The Lord's Day Evening
February 3, 2008
Dr. Derek W. H. Thomas
Now turn with me if you would to the book of Ezra, the first chapter of the book of Ezra. You’ll find it in your pew Bibles on page 389.
We begin tonight a new series of sermons on the books of Ezra and Nehemiah. In the Hebrew Bible these two books belong together, and they certainly relate the same period of history. This is a series that will take us probably through most of this year, with only a break somewhere over the summer.
We’re going to go back to the sixth century B.C., over two and a half thousand years ago, and to perhaps the lowest point in all of Israel's history. This was their darkest hour.
Now before we read the passage together, let's look to God in prayer.
Father, we thank You again for the Scriptures. We thank You that holy men of old wrote as they were carried along by the Holy Spirit. We thank You especially for these passages in the Old Testament that remind us of Your covenant ways and covenant faithfulness. And again now as we turn to the word, grant that we might read, mark, learn, and inwardly digest, and all for Jesus’ sake. Amen.
This is God's word:
“In the first year of Cyrus king of Persia, that the word of the Lord by the mouth of Jeremiah might be fulfilled, the Lord stirred up the spirit of Cyrus king of Persia, so that he made a proclamation throughout all his kingdom and also put it in writing:
‘Thus says Cyrus king of Persia: the Lord, the God of heaven, has given me all the kingdoms of the earth, and He has charged me to build Him a house at Jerusalem, which is in Judah. Whoever is among you of all His people, may his God be with him, and let him go up to Jerusalem, which is in Judah, and rebuild the house of the Lord, the God of Israel–He is the God who is in Jerusalem. And let each survivor, in whatever place he sojourns, be assisted by the men of his place with silver and gold, with goods and with beasts, besides freewill offerings for the house of God that is in Jerusalem.’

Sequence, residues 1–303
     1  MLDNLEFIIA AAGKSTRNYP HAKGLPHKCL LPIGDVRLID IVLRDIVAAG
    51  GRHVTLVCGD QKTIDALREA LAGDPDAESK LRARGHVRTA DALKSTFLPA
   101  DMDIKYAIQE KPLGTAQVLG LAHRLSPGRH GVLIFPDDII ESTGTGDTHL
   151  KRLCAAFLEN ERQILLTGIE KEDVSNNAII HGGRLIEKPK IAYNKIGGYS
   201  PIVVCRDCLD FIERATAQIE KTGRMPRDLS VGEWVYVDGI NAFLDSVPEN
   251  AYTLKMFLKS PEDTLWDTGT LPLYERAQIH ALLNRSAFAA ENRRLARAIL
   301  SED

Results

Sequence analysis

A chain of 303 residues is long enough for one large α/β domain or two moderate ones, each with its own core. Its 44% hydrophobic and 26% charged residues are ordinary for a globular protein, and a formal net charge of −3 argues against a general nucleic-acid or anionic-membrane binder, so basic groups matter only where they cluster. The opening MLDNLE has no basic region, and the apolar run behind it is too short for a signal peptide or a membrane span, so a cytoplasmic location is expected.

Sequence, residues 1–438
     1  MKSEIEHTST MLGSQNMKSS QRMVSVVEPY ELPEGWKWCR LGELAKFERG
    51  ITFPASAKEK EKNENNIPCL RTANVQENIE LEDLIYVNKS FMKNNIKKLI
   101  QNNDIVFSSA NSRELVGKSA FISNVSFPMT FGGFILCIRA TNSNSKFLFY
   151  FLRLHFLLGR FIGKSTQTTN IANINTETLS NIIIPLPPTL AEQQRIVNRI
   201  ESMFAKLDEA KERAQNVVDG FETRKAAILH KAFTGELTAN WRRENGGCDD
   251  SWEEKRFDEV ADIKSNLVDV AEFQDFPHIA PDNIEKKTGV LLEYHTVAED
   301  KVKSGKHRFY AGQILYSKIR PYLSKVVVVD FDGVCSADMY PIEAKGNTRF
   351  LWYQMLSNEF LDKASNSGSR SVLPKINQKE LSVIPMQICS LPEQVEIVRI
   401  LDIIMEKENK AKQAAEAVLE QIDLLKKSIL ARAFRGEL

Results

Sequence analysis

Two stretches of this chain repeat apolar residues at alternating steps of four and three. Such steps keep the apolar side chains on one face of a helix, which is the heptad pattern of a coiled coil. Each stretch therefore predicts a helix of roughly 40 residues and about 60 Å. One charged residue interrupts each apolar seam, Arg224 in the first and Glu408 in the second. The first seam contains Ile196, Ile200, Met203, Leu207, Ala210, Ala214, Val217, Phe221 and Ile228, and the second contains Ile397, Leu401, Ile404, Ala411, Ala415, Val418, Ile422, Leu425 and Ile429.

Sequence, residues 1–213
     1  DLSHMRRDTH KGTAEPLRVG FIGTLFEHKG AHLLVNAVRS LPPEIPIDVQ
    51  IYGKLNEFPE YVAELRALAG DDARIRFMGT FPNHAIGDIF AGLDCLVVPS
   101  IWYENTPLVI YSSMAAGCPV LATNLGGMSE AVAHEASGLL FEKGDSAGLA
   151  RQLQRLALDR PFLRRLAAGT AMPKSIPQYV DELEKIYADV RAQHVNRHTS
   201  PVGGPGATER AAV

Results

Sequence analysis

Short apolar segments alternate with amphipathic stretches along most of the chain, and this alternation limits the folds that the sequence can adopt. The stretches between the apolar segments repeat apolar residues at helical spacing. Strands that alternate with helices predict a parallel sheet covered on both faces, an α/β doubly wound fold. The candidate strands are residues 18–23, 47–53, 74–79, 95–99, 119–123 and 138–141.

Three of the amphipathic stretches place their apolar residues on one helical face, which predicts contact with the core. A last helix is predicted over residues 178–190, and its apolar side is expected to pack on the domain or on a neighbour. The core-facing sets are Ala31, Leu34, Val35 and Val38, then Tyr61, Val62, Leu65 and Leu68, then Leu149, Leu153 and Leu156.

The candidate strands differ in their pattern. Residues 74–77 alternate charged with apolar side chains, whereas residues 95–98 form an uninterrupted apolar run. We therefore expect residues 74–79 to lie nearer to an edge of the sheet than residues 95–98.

“Then rose up the heads of the fathers’ houses of Judah and Benjamin, and the priests and the Levites, everyone whose spirit God had stirred to go up to rebuild the house of the Lord that is in Jerusalem. And all who were about them aided them with vessels of silver, with gold, with goods, with beasts, and with costly wares, besides all that was freely offered. Cyrus the king also brought out the vessels of the house of the Lord that Nebuchadnezzar had carried away from Jerusalem and placed in the house of his gods. Cyrus king of Persia brought these out in the charge of Mithredath the treasurer, who counted them out to Sheshbazzar the prince of Judah. And this was the number of them: 30 basins of gold, 1,000 basins of silver, 29 censers, 30 bowls of gold, 410 bowls of silver, and 1,000 other vessels; all the vessels of gold and of silver were 5,400. All these did Sheshbazzar bring up, when the exiles were brought up from Babylonia to Jerusalem.”
Amen. May God bless to us that reading of His holy and inerrant word.
A thousand-year history–from the time of Jacob and his troubled family in Egypt, all the way down to this point here in the first verse of chapter 1 of Ezra–a thousand years of Israel's history is over. It has ended in catastrophe. Israel is no more. That great city, the city of God, the city which David made into the capital of what would become the Southern Kingdom of Judah, Jerusalem with all of its importance religiously, with its temple and levitical structures, as a social center, as a political center for Judah, had been more or less destroyed. The temple in all of its grandeur and beauty and significance had been razed to the ground — burnt. Whatever was combustible in the temple had been burnt by the Babylonians.
The Babylonians had come seventy years in the past — 68, to be precise — in 605 B.C. They had first made some predatory incursions upon Judah and upon Jerusalem. Ten thousand of its elite young men of talents and abilities had been taken into captivity into Babylon. And then in 587, after a siege of Jerusalem, the last king of Judah, Zedekiah, had escaped the night before Jerusalem collapsed and had been captured somewhere outside of Jericho…he and his two sons. He watched his two sons murdered in front of him, and then his eyes were put out and he was marched, blind and bleeding, a thousand miles away, in chains, to Babylon. We never hear of him again.
All the hopes, all the dreams, all the aspirations…. Israel, the Northern Kingdom with its capital in Samaria, had long since fallen to another empire, the Assyrians, 150 years in the past in 722 BC. Judah had continued for 150 years. It was a history mainly of failure and increasing compromise and increasing idolatry. And despite all of the warnings and threats of the prophets (the great prophets Jeremiah, Isaiah), Judah had fallen. And Jerusalem had fallen. All the dreams, all the hopes, all the aspirations had all crumbled.